This eLesson was written by Julie Oglesby, a member of the BRI teacher council.
Summary: Federalism is one of the basic principles of our U.S. Constitution but a complex concept to understand. When the Framers created the Constitution they not only established a system of checks and balances to separate power within the national government, they also divided authority between state and national governments. This division creates clear spheres of responsibility for each level of government, promoting local control and preventing tyranny, or the concentration of power, in the hands of one body. In this eLesson, students will describe the concept of Federalism and explain the important role it plays in the U.S. constitutional system. Essential Question: Why is Federalism important in a Constitutional Republic? Objective:
- Students will be able to define federalism.
- Students will be able to provide examples of national, state, and shared powers as outlined under the U.S. system of federalism.
- Students will explain how federalism helps protect the rights of individuals.
- Federalism examples cut into slips (examples below)
Lesson/Activity plan: Opening Class Activity: 10-15 minutes On the board, make a chart with 3 categories: Decisions parents/guardians make, Decisions teenagers and parents/guardians make together, and Decisions teenagers make on their own. As a class, fill out the chart. In the end, define federalism and ask students the following questions:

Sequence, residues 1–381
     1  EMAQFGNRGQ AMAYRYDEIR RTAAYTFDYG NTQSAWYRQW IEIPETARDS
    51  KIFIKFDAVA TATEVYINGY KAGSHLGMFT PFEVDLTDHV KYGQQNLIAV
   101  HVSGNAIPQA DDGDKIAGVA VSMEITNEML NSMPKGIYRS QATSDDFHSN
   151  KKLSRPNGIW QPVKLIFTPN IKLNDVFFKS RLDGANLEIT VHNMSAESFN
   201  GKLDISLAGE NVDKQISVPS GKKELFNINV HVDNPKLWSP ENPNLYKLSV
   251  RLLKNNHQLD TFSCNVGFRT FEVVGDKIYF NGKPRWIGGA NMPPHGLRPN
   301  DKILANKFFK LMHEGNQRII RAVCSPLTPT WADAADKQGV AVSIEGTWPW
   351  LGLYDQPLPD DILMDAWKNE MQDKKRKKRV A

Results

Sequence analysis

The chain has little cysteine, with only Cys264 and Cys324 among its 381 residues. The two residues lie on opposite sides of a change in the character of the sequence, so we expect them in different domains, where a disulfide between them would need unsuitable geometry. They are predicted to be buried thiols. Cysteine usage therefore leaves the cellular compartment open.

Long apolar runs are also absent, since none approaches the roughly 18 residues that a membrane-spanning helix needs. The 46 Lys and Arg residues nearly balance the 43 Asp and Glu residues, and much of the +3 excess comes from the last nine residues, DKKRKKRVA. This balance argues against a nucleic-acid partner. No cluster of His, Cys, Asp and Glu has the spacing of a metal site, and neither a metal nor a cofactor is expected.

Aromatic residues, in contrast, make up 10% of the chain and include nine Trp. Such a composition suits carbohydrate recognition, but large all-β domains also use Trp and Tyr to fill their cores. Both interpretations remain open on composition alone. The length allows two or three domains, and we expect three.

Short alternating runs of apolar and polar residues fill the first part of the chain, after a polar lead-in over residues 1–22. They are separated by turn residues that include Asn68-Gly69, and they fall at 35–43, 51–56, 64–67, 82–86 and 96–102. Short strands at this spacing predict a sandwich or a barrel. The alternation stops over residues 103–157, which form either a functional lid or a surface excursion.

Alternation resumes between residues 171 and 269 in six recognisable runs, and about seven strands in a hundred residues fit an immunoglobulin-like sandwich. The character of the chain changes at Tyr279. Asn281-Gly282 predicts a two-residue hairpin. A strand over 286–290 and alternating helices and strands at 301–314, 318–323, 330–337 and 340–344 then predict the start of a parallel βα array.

- Why do parents make the decisions they do?
- Why aren’t all decisions made on your own?
- Why might you want more independence to make decisions?
- What kind of supports do your parents/guardians provide?
- How does federalism relate to the chart?
Federalism: The division of power between the national and state governments. Group Work: 15-20 minutes On the board, make another chart with 3 categories: Powers of the national government, Powers shared by national and state governments, and Powers of state governments. Cut out large slips of paper with the following statements. Have one student at time (or a pair of students) place it in the category they believe it best fits and discuss as a class why it was correct or move it to the correct spot. Federalism Examples: Admit new states Conduct elections Declare and engage in war Determine the qualifications of voters Establish and maintain schools Govern marriage laws Levy and collect taxes Maintain an army, navy, and air force Maintain the state militia (also known as the National Guard) Negotiate treaties with foreign countries Print and coin money Protect public health Protect the rights of citizens Provide for public safety Punish lawbreakers Regulate interstate and foreign commerce Regulate intrastate commerce Set rules for immigration Set traffic standards Set up a post office Key:
|Powers of the national government||Powers shared by national and state governments||Powers of the state governments|
Conclusion: 5-10 minutes Have students write one-two paragraphs answering these essential questions: Why do states and the national government have the powers they do? Why is federalism important in a Constitutional Republic? They must provide evidence to support their beliefs. Extension: Students may complete the following information as an extension activity. If you had just declared independence from Great Britain and wanted to create your own government, what powers would you give to the national government and what powers would you reserve for the state government? Try to think of at least 5 for each. Explain in complete sentences and a well-organized paragraph why you gave certain powers to each form of government. Consider what problems you might encounter and possible changes that may need to be made in the future.